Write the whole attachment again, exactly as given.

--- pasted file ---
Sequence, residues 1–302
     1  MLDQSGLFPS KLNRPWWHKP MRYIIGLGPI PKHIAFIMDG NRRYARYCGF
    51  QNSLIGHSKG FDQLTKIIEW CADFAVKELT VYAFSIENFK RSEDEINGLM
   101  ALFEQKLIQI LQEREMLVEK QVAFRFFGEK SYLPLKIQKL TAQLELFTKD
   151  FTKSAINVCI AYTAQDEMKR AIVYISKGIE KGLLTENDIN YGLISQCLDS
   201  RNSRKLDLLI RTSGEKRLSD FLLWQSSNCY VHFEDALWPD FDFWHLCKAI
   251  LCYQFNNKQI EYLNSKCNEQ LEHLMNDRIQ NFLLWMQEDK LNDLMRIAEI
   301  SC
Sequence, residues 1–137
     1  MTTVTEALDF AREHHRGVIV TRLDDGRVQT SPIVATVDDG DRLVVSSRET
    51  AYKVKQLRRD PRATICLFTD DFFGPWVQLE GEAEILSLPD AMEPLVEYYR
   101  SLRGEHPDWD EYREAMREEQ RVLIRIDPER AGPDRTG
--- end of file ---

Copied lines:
Sequence, residues 1–302
     1  MLDQSGLFPS KLNRPWWHKP MRYIIGLGPI PKHIAFIMDG NRRYARYCGF
    51  QNSLIGHSKG FDQLTKIIEW CADFAVKELT VYAFSIENFK RSEDEINGLM
   101  ALFEQKLIQI LQEREMLVEK QVAFRFFGEK SYLPLKIQKL TAQLELFTKD
   151  FTKSAINVCI AYTAQDEMKR AIVYISKGIE KGLLTENDIN YGLISQCLDS
   201  RNSRKLDLLI RTSGEKRLSD FLLWQSSNCY VHFEDALWPD FDFWHLCKAI
   251  LCYQFNNKQI EYLNSKCNEQ LEHLMNDRIQ NFLLWMQEDK LNDLMRIAEI
   301  SC
Sequence, residues 1–137
     1  MTTVTEALDF AREHHRGVIV TRLDDGRVQT SPIVATVDDG DRLVVSSRET
    51  AYKVKQLRRD PRATICLFTD DFFGPWVQLE GEAEILSLPD AMEPLVEYYR
   101  SLRGEHPDWD EYREAMREEQ RVLIRIDPER AGPDRTG